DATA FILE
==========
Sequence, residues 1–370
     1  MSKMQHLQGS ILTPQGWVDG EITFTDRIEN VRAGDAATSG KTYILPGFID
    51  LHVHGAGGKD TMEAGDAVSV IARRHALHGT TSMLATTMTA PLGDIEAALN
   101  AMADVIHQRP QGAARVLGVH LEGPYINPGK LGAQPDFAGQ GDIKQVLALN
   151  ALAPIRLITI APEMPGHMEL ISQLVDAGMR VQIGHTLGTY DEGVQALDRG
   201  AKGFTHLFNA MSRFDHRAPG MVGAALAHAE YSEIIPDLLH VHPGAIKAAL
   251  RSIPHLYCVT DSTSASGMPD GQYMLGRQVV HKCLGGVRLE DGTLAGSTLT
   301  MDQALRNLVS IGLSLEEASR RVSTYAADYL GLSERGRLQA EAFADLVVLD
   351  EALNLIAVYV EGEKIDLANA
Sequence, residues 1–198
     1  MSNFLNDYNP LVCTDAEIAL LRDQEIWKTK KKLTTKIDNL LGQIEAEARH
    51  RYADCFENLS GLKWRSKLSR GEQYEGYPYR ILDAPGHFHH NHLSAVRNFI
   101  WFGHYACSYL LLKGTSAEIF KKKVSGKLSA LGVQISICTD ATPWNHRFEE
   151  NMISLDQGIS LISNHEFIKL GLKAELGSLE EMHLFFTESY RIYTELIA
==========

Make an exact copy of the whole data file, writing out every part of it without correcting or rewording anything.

Sequence, residues 1–370
     1  MSKMQHLQGS ILTPQGWVDG EITFTDRIEN VRAGDAATSG KTYILPGFID
    51  LHVHGAGGKD TMEAGDAVSV IARRHALHGT TSMLATTMTA PLGDIEAALN
   101  AMADVIHQRP QGAARVLGVH LEGPYINPGK LGAQPDFAGQ GDIKQVLALN
   151  ALAPIRLITI APEMPGHMEL ISQLVDAGMR VQIGHTLGTY DEGVQALDRG
   201  AKGFTHLFNA MSRFDHRAPG MVGAALAHAE YSEIIPDLLH VHPGAIKAAL
   251  RSIPHLYCVT DSTSASGMPD GQYMLGRQVV HKCLGGVRLE DGTLAGSTLT
   301  MDQALRNLVS IGLSLEEASR RVSTYAADYL GLSERGRLQA EAFADLVVLD
   351  EALNLIAVYV EGEKIDLANA
Sequence, residues 1–198
     1  MSNFLNDYNP LVCTDAEIAL LRDQEIWKTK KKLTTKIDNL LGQIEAEARH
    51  RYADCFENLS GLKWRSKLSR GEQYEGYPYR ILDAPGHFHH NHLSAVRNFI
   101  WFGHYACSYL LLKGTSAEIF KKKVSGKLSA LGVQISICTD ATPWNHRFEE
   151  NMISLDQGIS LISNHEFIKL GLKAELGSLE EMHLFFTESY RIYTELIA